The Texas Longhorns coaching staff doesn’t believe in moral victories, but there were definitely some positives to take away from the double-overtime loss to No. 4 USC to close out non-conference play. The defense played better than fans have seen in the last few seasons, and the passing game shows signs of life outside of play-action passes.
With an extra week of practice, the ‘Horns had a chance to get healthy — to an extent — and work out some remaining kinks before taking on Iowa State. A Thursday night road game is no cakewalk, so Texas must execute in several areas to pull to .500 on the year and start conference play with a win.
Tackles for Loss
It may be an understatement to say that David Montgomery is a tough runner. Since taking over as the Cyclones feature back against Oklahoma in 2016, he has almost refused to go down in the backfield. In his 122 carries since that game, the sophomore back has only lost 16 yards on the ground, while gaining 713. The Texas defense struggled to bring defenders down in the backfield for the first two games of this season, only managing the feat five times. That changed against USC, as the Longhorns finished the game with nine tackles for loss, totalling 41 yards. Linebackers Anthony Wheeler and Malik Jefferson led the charge, finishing the game with 3.5 and two tackles for loss, respectively. Creating disruption in the backfield will force Iowa State into long passing situations, where Todd Orlando’s defense made its money against the Trojans.
Both teams’ success seems to stem from winning in the ground attack, both offensively and defensively. In the Cyclones’ only loss this season, they allowed Iowa’s Akrum Wadley to rush for 118 yards, while in their two wins, the highest rushing total was Northern Iowa’s Trevor Allen – who finished with 87 yards. Texas has been on the opposite end of that trend, as their two losses against Maryland and USC have been without a 100-yard performance, rushing for a team total of 98 yards and 68 yards in those two contests. Fans are well-aware of the performance of Chris Warren III in the win over San Jose State, racking up 166 yards on 16 carries. After holding the Trojans’ Ronald Jones, II and Stephen Carr to 75 yards combined two weeks ago, the Texas defense will have to find a way to slow down another dynamic runner. The aforementioned Montgomery has made his mark as the Cyclones’ most-consistent offensive threat, hitting the 100-yard mark in four of his last six games.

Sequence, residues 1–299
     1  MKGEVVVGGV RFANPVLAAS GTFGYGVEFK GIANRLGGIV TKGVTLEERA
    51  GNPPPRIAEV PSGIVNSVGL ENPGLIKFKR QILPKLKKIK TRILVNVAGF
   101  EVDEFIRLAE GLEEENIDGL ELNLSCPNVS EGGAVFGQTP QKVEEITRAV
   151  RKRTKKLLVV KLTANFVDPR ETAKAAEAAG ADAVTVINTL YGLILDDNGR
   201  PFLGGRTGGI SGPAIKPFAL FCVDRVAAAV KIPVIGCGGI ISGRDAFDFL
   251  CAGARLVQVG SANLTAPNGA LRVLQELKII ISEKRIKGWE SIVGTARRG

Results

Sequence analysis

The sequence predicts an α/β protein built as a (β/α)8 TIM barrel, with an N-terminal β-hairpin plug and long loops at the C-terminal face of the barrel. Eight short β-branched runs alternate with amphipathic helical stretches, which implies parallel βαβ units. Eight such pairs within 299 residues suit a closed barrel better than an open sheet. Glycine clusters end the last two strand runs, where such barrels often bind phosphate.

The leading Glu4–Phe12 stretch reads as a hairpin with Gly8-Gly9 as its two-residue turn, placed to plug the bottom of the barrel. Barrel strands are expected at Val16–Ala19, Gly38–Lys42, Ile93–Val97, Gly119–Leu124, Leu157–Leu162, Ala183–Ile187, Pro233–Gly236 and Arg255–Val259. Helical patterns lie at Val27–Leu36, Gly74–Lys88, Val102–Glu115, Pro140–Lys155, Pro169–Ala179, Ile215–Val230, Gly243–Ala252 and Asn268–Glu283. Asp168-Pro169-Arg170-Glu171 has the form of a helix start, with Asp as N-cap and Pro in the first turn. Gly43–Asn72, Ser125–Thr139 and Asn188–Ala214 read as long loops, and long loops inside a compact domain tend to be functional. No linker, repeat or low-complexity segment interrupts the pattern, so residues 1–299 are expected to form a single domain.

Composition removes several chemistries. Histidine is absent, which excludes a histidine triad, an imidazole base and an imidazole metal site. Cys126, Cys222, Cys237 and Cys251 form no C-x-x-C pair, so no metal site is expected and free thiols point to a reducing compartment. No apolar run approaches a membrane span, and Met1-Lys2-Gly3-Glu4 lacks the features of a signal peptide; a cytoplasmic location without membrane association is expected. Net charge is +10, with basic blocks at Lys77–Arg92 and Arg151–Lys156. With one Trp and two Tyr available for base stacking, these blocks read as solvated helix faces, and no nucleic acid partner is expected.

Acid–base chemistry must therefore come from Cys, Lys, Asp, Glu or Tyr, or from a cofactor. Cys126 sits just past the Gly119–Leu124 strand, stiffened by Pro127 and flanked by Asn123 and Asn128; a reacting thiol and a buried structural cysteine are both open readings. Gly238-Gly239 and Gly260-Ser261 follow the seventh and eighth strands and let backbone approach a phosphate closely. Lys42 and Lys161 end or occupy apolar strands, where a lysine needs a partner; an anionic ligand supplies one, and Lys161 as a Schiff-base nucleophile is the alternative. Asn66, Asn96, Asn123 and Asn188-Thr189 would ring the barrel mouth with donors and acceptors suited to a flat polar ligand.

When you’re going into a hostile environment, the last thing a team wants to do is make it harder on themselves. This season, Texas has had a penchant for doing just that, regardless of the location. Texas ranks No. 117 in the nation in penalty yardage, averaging 86 yards per game, however that number is inflated due to the massive 117 penalty yards Texas racked up in the season-opening loss to Maryland.
With either Shane Buechele playing his first action in three weeks, or Sam Ehlinger going into Ames for the first time, Texas cannot afford to put its quarterbacks behind the chains and risk stifling any offensive production.
Even though the concept of a must-win game seems clichéd at this point, a loss against Iowa State would put the Longhorns in an unenviable position, a 1-3 record to start Tom Herman’s career at Texas.